NEW YORK: The LEGO Movie," an animated film based on the colorful plastic children's blocks, snapped up $69.1 million in ticket sales to top weekend box office charts, easily beating the George Clooney World War Two film "The Monuments Men."
"The Monuments Men," which also stars Matt Damon, Bill Murray and John Goodman, was second with $22.7 million in sales at U.S. and Canadian theaters. The film is based on the true story of U.S. soldiers who rescued art masterpieces from Nazi thieves.
After three consecutive weeks in the top spot, the Kevin Hart-Ice Cube comedy "Ride Along" took third with $9.4 million, according to data supplied by Rentrak.
Led by the voices of Will Ferrell, Will Arnett and Morgan Freeman, "The LEGO Movie" features toy mini-figures of Batman, a pirate and others in a Lego universe faced with destruction on Taco Tuesday.
The film won lavish praise from critics as inventive and funny, with 112 of 118 critics giving it a "fresh" rating on the movie review site Rotten Tomatoes, and far surpassed average industry projections of an opening weekend around $50 million.
"The LEGO Movie" was heavily marketed by Warner Brothers and The LEGO Group, the Danish company that makes the popular snap together blocks. The toy company released 17 building sets inspired by scenes from the movie. McDonald's released eight collectable holographic cups with its Happy Meals.
"It's awesome," said Dan Fellman, president of domestic distribution for Warner Brothers of the blockbuster opening, which was the biggest of 2014 thus far.
"We had a movie playing from 5 to 85," he said. "Five-year-olds are enjoying it, their siblings are enjoying it, and their parents and grandparents are all enjoying it."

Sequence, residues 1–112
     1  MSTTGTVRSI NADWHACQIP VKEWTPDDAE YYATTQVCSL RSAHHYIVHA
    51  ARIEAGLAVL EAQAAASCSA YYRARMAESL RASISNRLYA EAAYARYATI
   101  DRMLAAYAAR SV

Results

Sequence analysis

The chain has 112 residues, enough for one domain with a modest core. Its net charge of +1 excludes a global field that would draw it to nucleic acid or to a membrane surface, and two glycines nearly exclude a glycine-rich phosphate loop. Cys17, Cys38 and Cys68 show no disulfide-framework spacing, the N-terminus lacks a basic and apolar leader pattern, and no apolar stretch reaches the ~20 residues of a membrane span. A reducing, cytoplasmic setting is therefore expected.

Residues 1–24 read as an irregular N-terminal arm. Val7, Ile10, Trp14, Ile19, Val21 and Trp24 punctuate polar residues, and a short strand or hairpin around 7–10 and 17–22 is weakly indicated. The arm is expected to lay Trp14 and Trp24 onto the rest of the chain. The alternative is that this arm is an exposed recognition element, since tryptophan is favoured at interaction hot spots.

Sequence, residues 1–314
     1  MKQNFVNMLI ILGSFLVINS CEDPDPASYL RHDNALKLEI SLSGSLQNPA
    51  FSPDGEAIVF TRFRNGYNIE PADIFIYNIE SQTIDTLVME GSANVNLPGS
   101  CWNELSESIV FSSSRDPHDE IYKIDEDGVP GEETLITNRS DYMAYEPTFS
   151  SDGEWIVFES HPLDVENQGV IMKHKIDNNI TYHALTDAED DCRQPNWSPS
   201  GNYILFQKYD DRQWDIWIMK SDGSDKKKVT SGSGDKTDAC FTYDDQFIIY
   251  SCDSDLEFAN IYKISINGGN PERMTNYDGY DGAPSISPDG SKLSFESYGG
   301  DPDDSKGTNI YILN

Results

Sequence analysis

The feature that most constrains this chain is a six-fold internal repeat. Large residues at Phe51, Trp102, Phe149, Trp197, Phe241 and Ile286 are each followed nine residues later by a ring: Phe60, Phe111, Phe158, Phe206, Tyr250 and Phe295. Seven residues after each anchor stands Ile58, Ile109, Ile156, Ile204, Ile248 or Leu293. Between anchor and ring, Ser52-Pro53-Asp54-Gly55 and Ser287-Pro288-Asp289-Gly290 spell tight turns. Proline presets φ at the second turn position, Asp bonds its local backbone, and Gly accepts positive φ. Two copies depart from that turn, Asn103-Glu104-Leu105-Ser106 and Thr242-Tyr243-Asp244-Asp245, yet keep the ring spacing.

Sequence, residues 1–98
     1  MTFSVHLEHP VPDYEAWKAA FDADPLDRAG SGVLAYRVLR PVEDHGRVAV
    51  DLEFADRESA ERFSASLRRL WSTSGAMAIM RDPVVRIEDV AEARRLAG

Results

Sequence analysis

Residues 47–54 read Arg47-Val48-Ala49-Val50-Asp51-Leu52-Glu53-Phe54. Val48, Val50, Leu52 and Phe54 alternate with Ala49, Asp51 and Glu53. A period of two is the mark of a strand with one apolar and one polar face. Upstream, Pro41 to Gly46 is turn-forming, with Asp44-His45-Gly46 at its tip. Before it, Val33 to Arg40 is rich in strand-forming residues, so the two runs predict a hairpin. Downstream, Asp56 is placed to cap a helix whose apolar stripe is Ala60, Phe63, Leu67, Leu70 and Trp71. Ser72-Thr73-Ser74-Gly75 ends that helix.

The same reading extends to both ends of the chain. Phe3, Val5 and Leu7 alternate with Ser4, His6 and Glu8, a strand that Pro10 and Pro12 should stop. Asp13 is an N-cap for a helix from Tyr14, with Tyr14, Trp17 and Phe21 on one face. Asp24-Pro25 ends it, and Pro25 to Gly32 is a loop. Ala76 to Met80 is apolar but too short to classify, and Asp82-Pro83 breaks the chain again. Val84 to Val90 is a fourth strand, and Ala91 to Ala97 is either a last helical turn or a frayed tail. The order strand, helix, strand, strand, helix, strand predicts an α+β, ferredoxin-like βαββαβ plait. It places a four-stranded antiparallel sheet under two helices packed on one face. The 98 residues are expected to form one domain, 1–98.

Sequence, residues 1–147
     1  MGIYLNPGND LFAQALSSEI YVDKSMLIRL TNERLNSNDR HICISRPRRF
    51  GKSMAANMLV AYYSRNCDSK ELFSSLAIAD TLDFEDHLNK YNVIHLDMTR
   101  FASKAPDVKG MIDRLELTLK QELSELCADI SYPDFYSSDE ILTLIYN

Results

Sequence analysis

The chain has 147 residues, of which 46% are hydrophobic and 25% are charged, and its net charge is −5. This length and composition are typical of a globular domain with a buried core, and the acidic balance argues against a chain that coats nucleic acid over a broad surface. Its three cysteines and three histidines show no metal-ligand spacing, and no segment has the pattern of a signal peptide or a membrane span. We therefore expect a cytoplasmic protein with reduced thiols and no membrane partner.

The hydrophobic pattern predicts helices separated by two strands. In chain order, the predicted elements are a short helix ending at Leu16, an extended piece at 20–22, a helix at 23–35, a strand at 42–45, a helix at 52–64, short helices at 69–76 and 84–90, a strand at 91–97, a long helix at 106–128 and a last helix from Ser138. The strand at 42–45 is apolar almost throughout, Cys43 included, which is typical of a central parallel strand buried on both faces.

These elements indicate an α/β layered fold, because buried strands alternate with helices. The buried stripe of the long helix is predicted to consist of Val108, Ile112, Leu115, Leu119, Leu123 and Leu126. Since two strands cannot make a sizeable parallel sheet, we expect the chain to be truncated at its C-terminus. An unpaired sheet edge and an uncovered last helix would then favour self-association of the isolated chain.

Fellman noted that 59 percent of the audience was actually over age 18, and 55 percent were male. "We even had some midnight show business," he said. Sales at 3-D showings were also far stronger than is usually the case with animated films.
The big numbers bode well for more "LEGO" films going forward from the studio.
"The Monuments Men" received mixed reviews from critics and was moved back from its original December 18 release date for additional post-production work and editing. The film, based on the book by Robert M. Edsel, was written and directed by Clooney.
"It was very much in line with the high end of our expectations," said Rory Bruer, Sony Pictures' president of worldwide distribution of the $22.7 million figure.
"We're very happy with our opening, especially given all the noise of the Olympics and the big movies opening around us," he said, adding that the film was playing well to adult audiences as was expected.
The weekend's only other major new release, "Vampire Academy," based on the first book in the "Vampire Academy" series by fantasy author Richelle Mead, opened in the No. 7 spot with $4.1 million in sales, according to studio estimates.
Rounding out the top five, Disney's long-running musical "Frozen" took fourth place with $6.9 million, while "That Awkward Moment" was fifth, collecting $5.5 million in sales. "Frozen" has racked up $369 million since its November debut.
"Lone Survivor," the tale of four U.S. Navy SEALs who run into an ambush in Afghanistan, was sixth with sales of $5.3 million. It has generated $112.6 million over seven weeks.
Warner Brothers, a unit of Time Warner, released the film "The Lego Movie." Sony's Columbia studio released "The Monuments Men." Vampire Academy" was distributed by the Weinstein Company. Universal Pictures, a unit of Comcast's NBCUniversal division, distributed "Ride Along" and "Lone Survivor."